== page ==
So here we go again.  I feel angry that it took so many trips to the hospital (and much needless suffering for my mother and all of her children) for the doctors to find the problem.  What good are MRIs, CAT scans and X-rays if they don’t show you everything?!  And they did the same tests over and over again each time she went in there!

My mothers problem was found in her small intestine, what good does a colonoscopy do (which she had had three months ago) that only checks the large intestine?  Am I missing something here?

I will be writing a terse letter to the hospital regarding my mother’s care and treatment and perhaps something will change.  If nothing else, I’ll feel like I tried.

We are praying that they will not need to open her back up and repeat another operation on her.

We also have been horrified at what the rehab center fed to Mom while she was there–all of us kids are into very healthy whole foods (I and my two brothers are vegetarians).  One meal she was served was a "mystery" meat that even Mom couldn’t identify with greasy gravy on it!  This for a woman who just had bowel surgery!  And white bread?  I haven’t eaten white bread since I was a teenager!  We asked Mom if we could request a vegetarian diet for her while in rehab but she said no.  She also loves her sweets and unhealthy snacks.  What to do?

People in the healing industry should know more about nutrition and how to feed people that are trying to regain their strength and energy.  I just don’t get it!  But wait, I do get it–these people are not in the healing industry–they are in the money making business.  Oh, silly me, I forgot!

But of course, Mom has to take a lot of the responsibility for her own predicament.  She is the one who has made the choices that have created the consequenses of a low fiber, high sugar, meat-filled diet.  We have tried to no avail to get her to try another way of eating, even going so far as to remove all the junk food from her house during one of her visits to the hospital and replacing them with healthier alternatives.  But before long, there appeared her cookies and snacks again.

It just makes me marvel, that in spite of how crappy you can treat your body–it tries valiantly to keep going!

What are the critical thinking ethics learning tools to teach kids how to avoid organized crime through the course of their live

What are the critical thinking ethics learning tools to teach kids how to avoid organized crime through the course of their lives?

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Those Who Came Before: Turning to Ancestors for Guidance

Many entities assume the role of spirit guide. Throughout our lives, we may call upon angels, animal and nature spirits, ascended masters, and celestial guardians for aid, protection, and support. Our ancestors represent another wellspring from which we may draw wisdom in times of need for they, too, can act as our spirit guides. Since our forbears spent at least one lifetime experiencing the tribulations that are a part of human existence, the perspective they can offer is a uniquely grounded one. Ancestral spirit guides can empathize with our fears and our frailties, worry, temptation, and feelings of insecurity. Once you have requested their guidance, they will see to it that you emerge unscathed on the far side of conflicts and are well-equipped to fulfill your potential.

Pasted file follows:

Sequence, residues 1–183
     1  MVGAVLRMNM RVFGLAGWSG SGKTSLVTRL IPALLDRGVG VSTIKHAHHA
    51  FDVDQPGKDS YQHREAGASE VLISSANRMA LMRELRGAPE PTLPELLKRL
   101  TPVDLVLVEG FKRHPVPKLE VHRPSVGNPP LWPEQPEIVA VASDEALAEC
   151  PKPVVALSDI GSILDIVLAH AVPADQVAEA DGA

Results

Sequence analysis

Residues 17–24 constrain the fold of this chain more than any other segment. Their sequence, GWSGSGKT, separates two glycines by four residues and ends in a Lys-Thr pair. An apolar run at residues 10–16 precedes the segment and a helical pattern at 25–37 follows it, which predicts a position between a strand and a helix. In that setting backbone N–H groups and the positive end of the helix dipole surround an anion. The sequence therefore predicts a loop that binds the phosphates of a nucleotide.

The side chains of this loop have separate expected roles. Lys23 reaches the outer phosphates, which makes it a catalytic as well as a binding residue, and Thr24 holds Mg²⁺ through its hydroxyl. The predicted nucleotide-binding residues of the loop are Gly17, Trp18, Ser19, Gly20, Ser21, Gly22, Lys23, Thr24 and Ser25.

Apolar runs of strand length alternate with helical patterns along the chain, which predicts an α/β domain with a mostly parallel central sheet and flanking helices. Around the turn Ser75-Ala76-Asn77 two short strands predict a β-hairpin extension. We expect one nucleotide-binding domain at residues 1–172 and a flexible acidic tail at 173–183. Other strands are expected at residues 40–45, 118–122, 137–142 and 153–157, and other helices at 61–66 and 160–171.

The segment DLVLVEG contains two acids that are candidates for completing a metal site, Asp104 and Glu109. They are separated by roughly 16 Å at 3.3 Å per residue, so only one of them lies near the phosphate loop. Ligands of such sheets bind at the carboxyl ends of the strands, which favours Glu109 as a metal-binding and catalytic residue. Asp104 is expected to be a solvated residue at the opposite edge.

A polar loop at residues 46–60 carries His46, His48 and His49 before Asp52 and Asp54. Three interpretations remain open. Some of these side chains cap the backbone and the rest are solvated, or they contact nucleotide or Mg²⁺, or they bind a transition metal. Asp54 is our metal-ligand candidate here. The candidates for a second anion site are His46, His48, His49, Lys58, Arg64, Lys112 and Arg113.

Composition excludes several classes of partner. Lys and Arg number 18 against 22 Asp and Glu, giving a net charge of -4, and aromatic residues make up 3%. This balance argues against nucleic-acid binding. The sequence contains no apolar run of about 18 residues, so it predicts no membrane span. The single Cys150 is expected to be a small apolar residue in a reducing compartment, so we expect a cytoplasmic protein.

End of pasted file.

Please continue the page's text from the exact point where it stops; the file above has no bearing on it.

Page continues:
If your relationship with your relatives was strained when they were earthbound or you feel disconnected from your heritage, the thought of asking your ancestors for aid can be disconcerting. But when the soul takes on its spirit form, it becomes pure light. Your ancestors, regardless of who or what they were in life, are monitoring your life’s journey because you are their progeny and they want to see you do your best. You can communicate with them directly, as well as through meditation, your dreams, or the written word. Creating an altar or shrine that displays images of your forbears or objects owned by them can help you connect with individual ancestors. The guidance they provide may take many forms as each ancestral spirit guide retains its individual identity and will thus have its own style of communication. If your ancestors do not speak to you directly or visit you in your dreams, examine your life to determine whether they are replying to your queries subconsciously.

When you make contact with your forbears, thank them for being a part of the web of intent that gave you life. Honoring their wisdom and experience can make your life seem larger and richer. Like other spirit guides, your ancestors won’t interfere with your choices or attempt to deprive you of free will. They will only do their best to answer your questions and provide you with all the love, aid, and guidance you ask for in order to help you evolve as an individual.